The adverse effect of doctors’ skepticism toward prescription drugs

Devon Johnson, Breagin K. Riley, Shintaro Sato

Research output: Contribution to journalArticle

1 Citation (Scopus)

Abstract

Purpose: This study examines the use of high-expertise sources such as doctors to sell dietary supplements and the use of skeptical statements toward approved drugs in the act of selling dietary supplements. Design/methodology/approach: The research questions are addressed by means of a scenario experiment that manipulated two independent variables: expertise (high- vs low-expertise) and skepticism toward prescription drugs (present vs absent). Findings: Surprisingly, skeptical statements from a low-expertise source toward a prescription drug made while selling dietary supplements was found to have an insignificant effect on selling effectiveness (willingness to recommend and perceived product effectiveness). However, when a high-expertise source (doctor) did the same, selling effectiveness was reduced. Research limitations/implications: The paper identifies a boundary condition for competitive selling claims of dietary supplements. Doctors are likely to get away with claims regarding the efficacy of dietary supplements until they criticize a more credible prescription drug in favor of supplements. Practical implications: Claims made by a low-expertise sources and high-expertise sources in the act of selling dietary supplements must be carefully considered. Conventional wisdom tactics may be ineffective. Originality/value: This paper uniquely demonstrates the role of competitive skepticism at different levels of expertise. The findings of this study suggest that managers, in especially the multi-level marketing industry, should reconsider some of their selling tactics.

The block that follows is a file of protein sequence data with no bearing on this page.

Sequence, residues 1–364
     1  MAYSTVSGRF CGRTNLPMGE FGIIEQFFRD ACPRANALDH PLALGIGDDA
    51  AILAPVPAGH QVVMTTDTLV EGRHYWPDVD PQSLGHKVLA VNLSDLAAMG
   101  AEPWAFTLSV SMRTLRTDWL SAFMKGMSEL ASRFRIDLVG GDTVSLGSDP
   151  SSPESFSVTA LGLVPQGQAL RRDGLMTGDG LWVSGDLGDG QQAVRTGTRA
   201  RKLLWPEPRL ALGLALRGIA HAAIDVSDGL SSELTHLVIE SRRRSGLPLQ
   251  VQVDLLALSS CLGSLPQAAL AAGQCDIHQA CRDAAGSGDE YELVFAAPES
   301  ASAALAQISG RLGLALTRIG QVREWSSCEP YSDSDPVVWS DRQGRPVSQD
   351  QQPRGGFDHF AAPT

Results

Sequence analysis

Original languageEnglish
Pages (from-to)222-234
Number of pages13
JournalInternational Journal of Pharmaceutical and Healthcare Marketing
Volume11
Issue number3
DOIs
StatePublished - 1 Jan 2017

Fingerprint

Prescription Drugs
Dietary Supplements
Marketing
Research
Skepticism
Expertise
Doctors
Prescription drugs
Industry
Pharmaceutical Preparations

Keywords